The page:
How can glaciers calving make so much noise?
Icebergs in situ make little noise, right? What about when the calve?
There is growing concern about how much noise humans generate in marine environments through shipping, oil exploration and other developments, but a new study has found that naturally occurring phenomena could potentially affect some ocean dwellers.
Nowhere is this concern greater than in the polar regions, where the effects of global warming often first manifest themselves. The breakup of ice sheets and the calving and grounding of icebergs can create enormous sound energy, scientists say. Now a new study has found that the mere drifting of an iceberg from near Antarctica to warmer ocean waters produces startling levels of noise.
Results of the study are being published this month in Oceanography.
A team led by Oregon State University researchers used an array of hydrophones to track the sound produced by an iceberg through its life cycle, from its origin in the Weddell Sea to its eventual demise in the open ocean. The goal of the project was to measure baseline levels of this kind of naturally occurring sound in the ocean, so it can be compared to anthropogenic noises.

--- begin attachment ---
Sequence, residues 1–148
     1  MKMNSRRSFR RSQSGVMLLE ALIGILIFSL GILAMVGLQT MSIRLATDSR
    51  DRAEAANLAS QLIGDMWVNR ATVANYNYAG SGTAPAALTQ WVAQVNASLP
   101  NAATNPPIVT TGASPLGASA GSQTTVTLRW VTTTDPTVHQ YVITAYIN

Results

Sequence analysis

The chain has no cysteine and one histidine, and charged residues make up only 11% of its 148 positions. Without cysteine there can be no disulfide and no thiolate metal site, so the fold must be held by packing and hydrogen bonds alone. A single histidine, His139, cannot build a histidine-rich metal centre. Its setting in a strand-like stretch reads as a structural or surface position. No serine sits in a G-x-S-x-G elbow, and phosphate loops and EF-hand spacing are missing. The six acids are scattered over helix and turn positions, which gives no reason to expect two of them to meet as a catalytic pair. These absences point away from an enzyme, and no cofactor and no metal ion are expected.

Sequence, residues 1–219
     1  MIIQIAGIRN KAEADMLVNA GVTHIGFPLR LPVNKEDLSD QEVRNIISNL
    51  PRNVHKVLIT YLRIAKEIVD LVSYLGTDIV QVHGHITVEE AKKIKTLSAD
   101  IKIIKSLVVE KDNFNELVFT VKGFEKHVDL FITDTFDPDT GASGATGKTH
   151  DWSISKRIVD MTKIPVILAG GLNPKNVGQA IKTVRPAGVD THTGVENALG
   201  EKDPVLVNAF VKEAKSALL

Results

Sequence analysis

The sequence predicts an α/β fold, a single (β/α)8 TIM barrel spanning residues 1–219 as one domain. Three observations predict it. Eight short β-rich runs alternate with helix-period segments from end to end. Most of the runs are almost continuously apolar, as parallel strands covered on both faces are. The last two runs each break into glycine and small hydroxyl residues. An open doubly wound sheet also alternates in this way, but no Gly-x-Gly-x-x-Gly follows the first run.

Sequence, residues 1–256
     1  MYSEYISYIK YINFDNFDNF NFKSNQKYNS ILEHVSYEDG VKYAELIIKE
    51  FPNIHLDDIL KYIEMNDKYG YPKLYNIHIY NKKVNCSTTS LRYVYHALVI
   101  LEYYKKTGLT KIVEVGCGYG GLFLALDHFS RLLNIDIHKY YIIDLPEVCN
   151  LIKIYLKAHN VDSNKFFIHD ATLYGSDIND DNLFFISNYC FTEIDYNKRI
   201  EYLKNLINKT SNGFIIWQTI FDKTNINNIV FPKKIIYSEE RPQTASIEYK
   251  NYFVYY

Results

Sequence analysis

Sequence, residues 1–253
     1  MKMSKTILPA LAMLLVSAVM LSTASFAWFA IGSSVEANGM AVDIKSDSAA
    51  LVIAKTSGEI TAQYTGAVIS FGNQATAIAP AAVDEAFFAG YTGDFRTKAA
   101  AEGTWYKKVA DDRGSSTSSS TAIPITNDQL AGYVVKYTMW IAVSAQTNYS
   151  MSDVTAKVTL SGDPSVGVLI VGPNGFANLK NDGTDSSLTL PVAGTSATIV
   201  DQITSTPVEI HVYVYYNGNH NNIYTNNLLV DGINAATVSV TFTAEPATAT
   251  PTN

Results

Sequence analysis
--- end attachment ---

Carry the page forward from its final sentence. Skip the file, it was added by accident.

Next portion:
"During one hour-long period, we documented that the sound energy released by the iceberg disintegrating was equivalent to the sound that would be created by a few hundred supertankers over the same period," said Robert Dziak, a marine geologist at OSU’s Hatfield Marine Science Center in Newport, Ore., and lead author on the study.
“This wasn’t from the iceberg scraping the bottom," he added. "It was from its rapid disintegration as the berg melted and broke apart. We call the sounds 'icequakes' because the process and ensuing sounds are much like those produced by earthquakes."
Dziak is a scientist with the Cooperative Institute for Marine Resources Studies (CIMRS), a collaborative program between Oregon State University and NOAA based at OSU’s Hatfield center. He also is on the faculty of OSU’s College of Earth, Ocean, and Atmospheric Sciences.
When scientists first followed the iceberg, it encountered a 124-meter deep shoal, causing it to rotate and grind across the seafloor. It then began generating semi-continuous harmonic tremors for the next six days. The iceberg then entered Bransfield Strait and became fixed over a 265-meter deep shoal, where it began to pinwheel. The harmonic tremors became shorter and less pronounced.
Glacier calving photo via Shutterstock.
Read more at Oregon State University.